School board doesn’t expect tie in superintendent selection

Published 12:00 am Monday, December 10, 2007


When the Selma City Board of education meets to select its new superintendent Monday the vote could end in a tie.

What happens next? They go to the scorecards.

Email newsletter signup

The eight board members are an even number, which could possibly produce a four-way tie should each of the four finalists receive two votes apiece. That may not happen.

Whatever happens board member Debra Howard wants the public there to see it. She is encouraging everyone to come to Pickard Auditorium for the 5 p.m. meeting.

Board members Friday, in executive session, tallied the scorecards from the interviews and discussed the candidates in preparation for Monday’s meeting. A simple majority of votes cast determines the outcome.

Hiouas said that gives board members something tangible to base their votes on. She said they also have objective criteria to consider.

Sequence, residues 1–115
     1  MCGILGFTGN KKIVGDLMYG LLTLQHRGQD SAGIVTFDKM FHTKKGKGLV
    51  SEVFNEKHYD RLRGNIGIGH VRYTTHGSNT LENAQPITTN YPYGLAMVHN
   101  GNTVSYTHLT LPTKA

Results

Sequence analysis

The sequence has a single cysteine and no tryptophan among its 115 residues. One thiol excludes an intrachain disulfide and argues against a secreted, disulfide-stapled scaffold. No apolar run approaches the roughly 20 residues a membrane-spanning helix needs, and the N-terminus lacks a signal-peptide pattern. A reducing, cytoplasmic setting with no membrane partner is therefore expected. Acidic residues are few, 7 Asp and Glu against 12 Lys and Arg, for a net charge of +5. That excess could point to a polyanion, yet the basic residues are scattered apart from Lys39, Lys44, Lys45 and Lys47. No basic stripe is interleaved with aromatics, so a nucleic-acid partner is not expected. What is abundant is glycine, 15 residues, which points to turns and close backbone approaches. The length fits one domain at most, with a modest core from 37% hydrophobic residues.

After they return to Selma from their annual meeting of the Alabama Association of School Boards in Birmingham, board members said they would be ready to vote Monday night.

School board chairman John Williams has said they want new superintendent in place after the first of the year. But, what if there is a tied vote?

Hiouas agreed lack of consensus could slow the process.

Two of the four finalists are local. Donald G. Jefferson, 54, is a native Selmian who worked as principal of Selma High, his alma mater. Kenneth Oliver, 42, is a native of Dallas County and worked in the Dallas County system. He is currently principal of Booker T. Washington High in Macon County.

One of the candidates, Dr. Yvette Richardson, is also a candidate to lead Russell County Schools, officials there confirmed.